There are considerable delights to be found in most every one of Hitchcock's films, even the second rate ones. The five films of his that I enjoy the most and which seem to best exemplify the qualities we have come to appreciate most about him are:
1. NORTH BY NORTHWEST (1959) Virtually a catalogue of everything Hitchcockian and the film that most successfully blends comedy with suspense. When Grant, as Roger O.Thornhill tells Eva Marie Saint that the "O" stands for "nothing" it's not only an amusingly accurate assessment of his character (to that point in the story) it's also a deliberate swipe at Hitch's one-time adversary...David O. Selznick.
2. PSYCHO (1960) Brilliant black humor on a TV budget with a TV crew; it revolutionized the movies in ways that Hitchcock himself probably never imagined. Once again the director chooses to make his "villain" (Perkins) a far more interesting and sympathetic figure than his "hero' (Gavin); see #'s 3 & 4.
3. STRANGERS ON A TRAIN (1951) The combination of Patricia Highsmith (novel), Raymond Chandler (screenplay) and Hitchcock himself as ringmaster provides us with his most noir film: brutally poetic, cruel and pretty damn funny when it needs to be. An overwhelmingly great performance (Robert Walker) enables a distractingly feeble performance (Farley Granger) to be tolerarble.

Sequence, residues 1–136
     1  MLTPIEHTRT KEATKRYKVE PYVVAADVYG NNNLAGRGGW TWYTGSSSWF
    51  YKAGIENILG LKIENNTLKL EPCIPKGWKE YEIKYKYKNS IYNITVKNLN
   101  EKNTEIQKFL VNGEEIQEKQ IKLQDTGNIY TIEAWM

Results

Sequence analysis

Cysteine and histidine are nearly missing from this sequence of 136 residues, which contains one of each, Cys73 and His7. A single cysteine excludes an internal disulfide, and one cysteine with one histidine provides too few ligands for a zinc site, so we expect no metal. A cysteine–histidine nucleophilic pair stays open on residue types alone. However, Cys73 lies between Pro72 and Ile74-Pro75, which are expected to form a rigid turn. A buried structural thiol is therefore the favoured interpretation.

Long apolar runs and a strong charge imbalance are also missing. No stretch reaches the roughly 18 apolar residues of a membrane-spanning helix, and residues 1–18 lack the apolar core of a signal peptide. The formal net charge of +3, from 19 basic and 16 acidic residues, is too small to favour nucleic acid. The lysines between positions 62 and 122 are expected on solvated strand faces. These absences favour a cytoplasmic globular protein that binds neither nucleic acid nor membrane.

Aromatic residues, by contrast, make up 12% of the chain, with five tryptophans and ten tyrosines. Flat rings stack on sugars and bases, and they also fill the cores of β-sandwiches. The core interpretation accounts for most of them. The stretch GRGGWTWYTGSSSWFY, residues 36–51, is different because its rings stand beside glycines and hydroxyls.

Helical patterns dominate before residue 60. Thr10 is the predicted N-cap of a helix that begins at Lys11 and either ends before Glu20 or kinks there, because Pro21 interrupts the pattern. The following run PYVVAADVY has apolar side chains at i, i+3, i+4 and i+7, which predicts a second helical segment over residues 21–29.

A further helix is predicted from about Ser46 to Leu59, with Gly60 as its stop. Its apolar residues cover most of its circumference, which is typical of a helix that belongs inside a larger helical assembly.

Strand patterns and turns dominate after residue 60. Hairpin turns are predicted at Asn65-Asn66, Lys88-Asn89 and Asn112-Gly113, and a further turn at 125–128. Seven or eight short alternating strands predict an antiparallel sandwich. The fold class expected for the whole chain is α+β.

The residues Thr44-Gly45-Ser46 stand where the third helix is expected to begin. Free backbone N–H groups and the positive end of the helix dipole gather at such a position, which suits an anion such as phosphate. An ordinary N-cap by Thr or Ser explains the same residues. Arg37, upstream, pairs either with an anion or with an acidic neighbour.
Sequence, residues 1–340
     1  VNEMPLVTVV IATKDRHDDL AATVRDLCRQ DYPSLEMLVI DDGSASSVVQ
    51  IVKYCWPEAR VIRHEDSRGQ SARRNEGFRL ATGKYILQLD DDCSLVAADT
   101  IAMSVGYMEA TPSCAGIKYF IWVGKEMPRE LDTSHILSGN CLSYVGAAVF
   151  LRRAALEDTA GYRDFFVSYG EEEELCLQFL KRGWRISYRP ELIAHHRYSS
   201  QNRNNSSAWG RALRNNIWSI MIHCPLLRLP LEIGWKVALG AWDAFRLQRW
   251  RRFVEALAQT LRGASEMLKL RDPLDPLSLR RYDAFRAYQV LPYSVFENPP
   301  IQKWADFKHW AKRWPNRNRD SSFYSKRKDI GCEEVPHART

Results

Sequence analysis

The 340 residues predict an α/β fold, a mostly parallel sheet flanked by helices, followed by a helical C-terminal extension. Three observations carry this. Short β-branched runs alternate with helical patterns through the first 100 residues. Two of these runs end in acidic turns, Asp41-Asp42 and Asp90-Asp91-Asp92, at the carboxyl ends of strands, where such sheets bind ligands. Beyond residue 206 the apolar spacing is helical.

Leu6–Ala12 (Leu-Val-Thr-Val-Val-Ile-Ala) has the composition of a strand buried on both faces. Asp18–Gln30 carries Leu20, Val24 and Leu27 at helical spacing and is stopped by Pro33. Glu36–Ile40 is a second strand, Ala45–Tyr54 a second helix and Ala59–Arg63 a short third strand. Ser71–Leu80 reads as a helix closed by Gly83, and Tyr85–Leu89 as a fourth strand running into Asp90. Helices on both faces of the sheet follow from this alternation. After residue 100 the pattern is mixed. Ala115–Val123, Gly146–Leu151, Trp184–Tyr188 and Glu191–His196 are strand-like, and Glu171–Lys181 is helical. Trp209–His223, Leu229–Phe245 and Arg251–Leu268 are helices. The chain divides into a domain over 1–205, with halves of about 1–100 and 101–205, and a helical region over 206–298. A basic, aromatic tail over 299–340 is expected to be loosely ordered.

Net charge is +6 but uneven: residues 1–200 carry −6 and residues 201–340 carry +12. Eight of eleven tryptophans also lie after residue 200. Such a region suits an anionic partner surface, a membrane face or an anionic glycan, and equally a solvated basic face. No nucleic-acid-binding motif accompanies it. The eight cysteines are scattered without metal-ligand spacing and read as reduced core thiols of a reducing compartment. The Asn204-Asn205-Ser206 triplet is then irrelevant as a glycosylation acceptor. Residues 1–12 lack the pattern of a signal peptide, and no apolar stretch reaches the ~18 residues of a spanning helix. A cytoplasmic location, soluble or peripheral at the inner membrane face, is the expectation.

4. REAR WINDOW (1954) Repeated viewings have diminished its impact for me, but it's still a towering exercise in aberrant behavior. Only Hitchcock would have the temerity to make his slimy, murderous heavy (Raymond Burr) more sympathetic than his pedantic, self-absorbed hero (James Stewart). Plus, it's based on a short story by Cornell Woolrich!
5. VERTIGO (1958) Hitchcock's most difficult and challenging film is also his most artistically bold one. It's taken me numerous viewings to warm up to its overtly odd tone and deliberately drawn out resolution but, in spite of its many obvious flaws, this intensely strange film always manages to leave me emotionally spent.
As for his television work, there is one episode that especially stands out for me. It wasn't on his ALFRED HITCHCOCK PRESENTS program, but on a different, short-lived anthology series he produced called SUSPENSE. Airing for only one season, in 1957, it nonetheless provided us with the terrific hour-long episode titled "Four O'Clock" which was adapted from a story by Cornell Woolrich and, of course, directed by Hitchcock. E. G. Marshall stars as a man who plots to kill his wife (Nancy Kelly) by planting a time bomb in their home, set to explode at four o'clock. The tables turn beautifully and unmercifully when hubby, through a freak occurrence, becomes trapped in the house. Incredibly entertaining and excruciatingly suspenseful.